Shoppers bag bargains

Demand: It's take-a- number, grab-what-you-can when C-Mart offers designer goods cheap, such as Kate Spade handbags.

April 13, 2001|By Laura Lippman | Laura Lippman,SUN STAFF

The word went out on the streets about a month ago. A shipment was coming from L.A. Good stuff. Prime stuff. Stuff that can get you really high.

Assuming you're the kind of person who gets a buzz from buying designer goods at 50 percent off.

Prices are always discounted sharply at C-Mart, the salvage store in Forest Hill that has been a Harford County mecca for shoppers for more than a quarter-century. But yesterday, the store put out the kind of stock that starts rumors and draws crowds.

Once, maybe twice a year, C-Mart has this kind of score. A few months ago, it was high-end horse saddles, selling at a fraction of their original price. Workers here remember the furs, which tempted employee Sam Weiner to buy his wife a mink, and the toys, which caused a near-riot before Christmas.

Yesterday, it was 800 pieces from hot handbag designer Kate Spade. Some shoes, but mostly handbags, pieces that range from $200 to $800 in places like Neiman Marcus and Nordstrom.

Now, as often happens, C-Mart could not advertise the brand name. Owner Doug Carton, who bids on salvage lots from insurance companies nationwide, had to negotiate just to keep the labels on the trendy bags. Such haggling is common in his business, where high-end retailers are protective of their designer names. Some require C-Mart to draw a line through tags, so the merchandise cannot be returned. Others insist that the labels be torn out.

But C-Mart could, and did, drop broad hints. On its chalkboard, where it tantalized shoppers for weeks with word of this Los Angeles bonanza. In its e-mails and faxes, which go out weekly to 4,000 shoppers. And in its television ads, new this week, where the bags were on display with their distinctive stitched labels visible.

`Survivor' alliance

By 9 a.m., an hour before the store opened, almost 100 women - and yes, they were all women at that time - were in line, waiting for numbers that would grant them entrance, 30 at a time, into a store-within-the-store created by shelving units.

Jacqueline Ross, a human resources specialist from Baltimore, wasn't sure what she would find when she arrived at 7:40 a.m. She ended up being No. 5 in line. A longtime C-Mart shopper - she was wearing a trench coat and suit purchased at the store -- she conferred on a cell phone with her best friend in Atlanta, taking orders for bags and shoes.

"Those of us who were here early have formed a `Survivor' alliance ... " she began, only to be distracted when it appeared a woman with a higher number was gaining early entrance to the store. "Hey. Hey, hey, hey."

"Don't worry," said Bernadette Burkett, a Washington woman who discovered C-Mart on a business trip. "I've got your back."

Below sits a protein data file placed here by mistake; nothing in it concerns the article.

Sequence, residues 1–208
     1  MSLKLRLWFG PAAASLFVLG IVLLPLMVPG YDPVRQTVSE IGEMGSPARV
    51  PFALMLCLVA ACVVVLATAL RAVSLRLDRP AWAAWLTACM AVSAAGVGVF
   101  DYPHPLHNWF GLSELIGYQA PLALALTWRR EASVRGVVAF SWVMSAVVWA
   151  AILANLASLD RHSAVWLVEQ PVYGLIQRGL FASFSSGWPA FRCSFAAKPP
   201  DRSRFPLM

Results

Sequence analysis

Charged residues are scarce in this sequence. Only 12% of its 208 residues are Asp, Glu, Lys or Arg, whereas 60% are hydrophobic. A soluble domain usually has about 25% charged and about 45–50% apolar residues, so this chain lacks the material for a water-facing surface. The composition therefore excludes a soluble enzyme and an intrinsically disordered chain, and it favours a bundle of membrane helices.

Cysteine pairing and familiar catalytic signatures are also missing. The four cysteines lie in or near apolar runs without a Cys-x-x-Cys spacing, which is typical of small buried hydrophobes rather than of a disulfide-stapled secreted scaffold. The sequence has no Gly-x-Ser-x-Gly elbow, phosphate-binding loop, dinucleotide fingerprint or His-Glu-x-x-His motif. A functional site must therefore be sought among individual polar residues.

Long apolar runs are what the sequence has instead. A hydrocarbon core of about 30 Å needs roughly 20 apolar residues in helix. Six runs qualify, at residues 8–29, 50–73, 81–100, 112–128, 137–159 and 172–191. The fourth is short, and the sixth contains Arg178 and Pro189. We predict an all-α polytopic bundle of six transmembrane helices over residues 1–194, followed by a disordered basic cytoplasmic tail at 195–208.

Post-disaster profit

Ross figures she began coming to C-Mart about 20 years ago. The store has been around for almost 30 years, first in downtown Bel Air, where it opened in the old 5-and-10. Carton, now 52, put himself through the University of Maryland, College Park selling sweaters from the trunk of his car. After nine months as an accountant - "I hated it" - he applied for a loan from the Small Business Administration.

C-Mart is the name he coined when asked what he wanted to put on the license, and C-Mart it has been ever since. In 1978, the store moved to make room for the new Harford County Courthouse, settling into a warehouse of about 70,000 square feet. The 80 employees pride themselves on keeping it orderly and neat, but C-Mart is not known for its ambience. Even the shopping carts have been salvaged from other stores - Robert Hall, Woolworth.

"As you can see," Carton said with a look around his store, "we keep our overhead low."

He estimates that only 15 stores nationwide specialize in this kind of scavenged inventory, which often comes into the marketplace after natural disasters. The 1994 Northridge earthquake produced so many lots that Carton stayed in California for weeks, bidding on items from 8,000 stores.

But smaller problems create opportunities, too. A sprinkler system may go off, for example, warping a wooden floor and forcing a store to close for repairs. Carton's last big trip was to Buffalo, N.Y., where he bid on a lot of guitars. He's still waiting to see if he'll get those.

Grab, then choose

Yesterday, however, it was all about Kate Spade, whose ladylike bags -- the New York Times once noted they would look at home on Audrey Hepburn's arm - became staggeringly fashionable in the late 1990s, just five years after Spade started her business.

Myrtle Slade, a C-Mart regular who lives nearby, had heard about the sale from her niece in Washington. She told her friend and neighbor, Ann Fitzpatrick, who came along despite the fact that she had never heard of Kate Spade.

"And she knows all the designers," Slade said of her friend.

"I'm not even sure I like 'em," Fitzpatrick said.

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